On Friday evening, the U.S. Attorney prosecuting proceedings against 74 activists from the national disability rights group ADAPT agreed to waive the Tuesday court appearances of 60 people, including the actor Noah Wyle.
Fourteen activists, including 2 Texans, will still need to travel from around the country to report to court on Tuesday for their protest defending Medicaid. While the move was welcomed, ADAPTers were still outraged by the punitive actions of the US Attorney’s office that seemed to be intended to stifle the voice of activists who are making a stand for the rights of people with disabilities and seniors relying on Medicaid.
Bruce Darling of Rochester ADAPT said, “ADAPT has organized civil disobedience for over 25 years, and people’s appearances have always been waived. The fact that the U.S. Attorney’s office has taken such extreme measures by trying to force every one of the 74 ADAPTers to travel back to DC, and then twisting around at the last minute, says a lot about our government’s willingness to punish those making a stand for Medicaid which is a lifeline for millions of people across the country.”
Even though their appearance was waived, most of the activists had already secured travel arrangements to get to DC and will collectively have paid thousands of dollars in non-refundable travel costs. “I am outraged that the U.S. Attorney’s office forced people to spend money that most do not have to show up in DC within one week,” said Rahnee Patrick of Chicago ADAPT. “The personal sacrifice people have made is significant, because many of those charged only have a SSI income of around $700 or less a month.”
Although the consequences that they face from the U.S. Attorney’s office have been serious, the activists see the proposed cuts to Medicaid as a greater threat. Dawn Russell, an ADAPT Organizer from Denver explained, “The cuts to Medicaid proposed under the Ryan Budget will destroy vital services needed by people with disabilities. Virtually one-third of Medicaid’s funding will be cut under that plan while the rich and corporations are given tax breaks.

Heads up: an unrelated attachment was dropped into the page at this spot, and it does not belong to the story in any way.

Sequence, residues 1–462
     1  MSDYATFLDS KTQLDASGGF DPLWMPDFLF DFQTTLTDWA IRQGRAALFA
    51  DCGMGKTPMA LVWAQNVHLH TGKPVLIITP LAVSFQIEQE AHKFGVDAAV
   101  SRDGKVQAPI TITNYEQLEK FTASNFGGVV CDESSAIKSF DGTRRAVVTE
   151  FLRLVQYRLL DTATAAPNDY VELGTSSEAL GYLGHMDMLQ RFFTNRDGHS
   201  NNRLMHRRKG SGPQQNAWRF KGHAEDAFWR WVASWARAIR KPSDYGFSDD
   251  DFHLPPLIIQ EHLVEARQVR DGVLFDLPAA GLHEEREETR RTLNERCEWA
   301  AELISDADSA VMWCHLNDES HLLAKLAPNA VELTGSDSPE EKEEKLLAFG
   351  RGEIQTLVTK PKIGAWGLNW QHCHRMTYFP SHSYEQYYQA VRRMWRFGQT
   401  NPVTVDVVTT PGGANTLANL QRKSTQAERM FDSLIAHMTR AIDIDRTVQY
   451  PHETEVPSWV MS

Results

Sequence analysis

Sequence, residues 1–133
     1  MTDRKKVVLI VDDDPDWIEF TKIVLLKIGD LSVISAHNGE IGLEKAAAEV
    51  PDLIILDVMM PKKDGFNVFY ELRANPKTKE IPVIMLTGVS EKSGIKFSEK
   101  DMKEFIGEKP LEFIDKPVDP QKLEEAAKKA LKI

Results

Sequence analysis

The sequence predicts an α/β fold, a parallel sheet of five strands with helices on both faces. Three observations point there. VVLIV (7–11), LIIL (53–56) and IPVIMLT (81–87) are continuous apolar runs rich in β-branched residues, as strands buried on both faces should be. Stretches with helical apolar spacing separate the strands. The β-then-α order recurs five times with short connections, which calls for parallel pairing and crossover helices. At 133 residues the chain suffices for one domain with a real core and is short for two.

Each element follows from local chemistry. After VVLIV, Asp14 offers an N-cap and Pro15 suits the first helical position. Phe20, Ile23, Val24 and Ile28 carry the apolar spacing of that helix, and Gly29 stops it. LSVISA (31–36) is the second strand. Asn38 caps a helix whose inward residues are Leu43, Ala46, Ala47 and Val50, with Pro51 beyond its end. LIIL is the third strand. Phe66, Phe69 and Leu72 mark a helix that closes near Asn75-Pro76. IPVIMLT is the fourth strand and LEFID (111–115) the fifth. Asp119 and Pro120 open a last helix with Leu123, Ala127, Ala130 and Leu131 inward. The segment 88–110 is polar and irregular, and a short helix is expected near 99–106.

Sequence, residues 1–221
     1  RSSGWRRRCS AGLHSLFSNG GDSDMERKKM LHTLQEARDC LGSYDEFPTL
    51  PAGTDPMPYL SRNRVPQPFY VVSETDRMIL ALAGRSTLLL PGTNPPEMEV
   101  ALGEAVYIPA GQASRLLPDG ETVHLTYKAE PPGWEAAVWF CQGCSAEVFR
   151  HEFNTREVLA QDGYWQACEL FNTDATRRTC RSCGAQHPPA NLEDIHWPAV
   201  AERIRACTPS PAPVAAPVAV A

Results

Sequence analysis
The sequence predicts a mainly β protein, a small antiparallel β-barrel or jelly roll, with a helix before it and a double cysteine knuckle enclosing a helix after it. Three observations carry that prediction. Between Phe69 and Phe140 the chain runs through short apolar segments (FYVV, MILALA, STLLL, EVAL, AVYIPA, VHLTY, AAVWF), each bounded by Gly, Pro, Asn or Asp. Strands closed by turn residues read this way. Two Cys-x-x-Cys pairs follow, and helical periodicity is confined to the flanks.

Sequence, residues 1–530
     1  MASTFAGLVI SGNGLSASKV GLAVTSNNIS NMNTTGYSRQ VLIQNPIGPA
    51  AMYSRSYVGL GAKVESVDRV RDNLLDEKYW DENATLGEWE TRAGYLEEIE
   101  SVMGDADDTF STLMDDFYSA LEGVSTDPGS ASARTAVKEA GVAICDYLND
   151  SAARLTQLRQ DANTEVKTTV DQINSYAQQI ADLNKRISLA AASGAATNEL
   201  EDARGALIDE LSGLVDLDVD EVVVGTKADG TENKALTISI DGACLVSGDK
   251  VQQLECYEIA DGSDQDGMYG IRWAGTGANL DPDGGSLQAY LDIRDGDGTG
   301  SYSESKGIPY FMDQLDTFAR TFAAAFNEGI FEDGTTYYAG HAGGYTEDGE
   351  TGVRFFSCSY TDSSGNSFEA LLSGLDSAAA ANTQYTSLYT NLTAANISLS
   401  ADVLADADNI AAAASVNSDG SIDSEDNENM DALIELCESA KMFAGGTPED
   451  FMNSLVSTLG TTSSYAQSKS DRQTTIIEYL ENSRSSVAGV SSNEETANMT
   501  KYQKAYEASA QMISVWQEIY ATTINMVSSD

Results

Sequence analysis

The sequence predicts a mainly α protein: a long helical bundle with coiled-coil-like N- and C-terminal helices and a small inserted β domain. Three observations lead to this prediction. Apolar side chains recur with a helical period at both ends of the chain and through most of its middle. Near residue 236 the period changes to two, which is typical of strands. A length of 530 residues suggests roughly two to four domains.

Everything ADAPT has done has required our members to make sacrifices. This isn’t easy, but we didn’t sign up for easy. With our freedom and lives at stake, we will do what needs to be done.”
Darling credited public pressure from media coverage surrounding the court appearances for the change in the U.S. Attorney’s position. “I hope that this controversy has helped the general public better understand the importance of Medicaid,” he said. “Medicaid funded programs enable millions to live in the community with appropriate health care and in-home supports. Our activists stood up for every person who needs personal attendant services, wheelchairs, dialysis, dental care, all the things that keep people living free and contributing to our society.”
In response to the financial burden on the activists, ADAPT set up the My Medicaid Matters! Legal Defense Fund. ADAPT is still seeking donations that will cover the costs of those still traveling to DC, for those who made travel plans and will not be reimbursed as well for fines and legal fees. Donations can be made to the My Medicaid Matters! Legal Defense Fund online at http://www.adapt.org/donate or at:
MMM Legal Defense Fund
1640A East 2nd St
Austin, Texas 78702
For more information about ADAPT, see www.adapt.org<http://www.adapt.org>.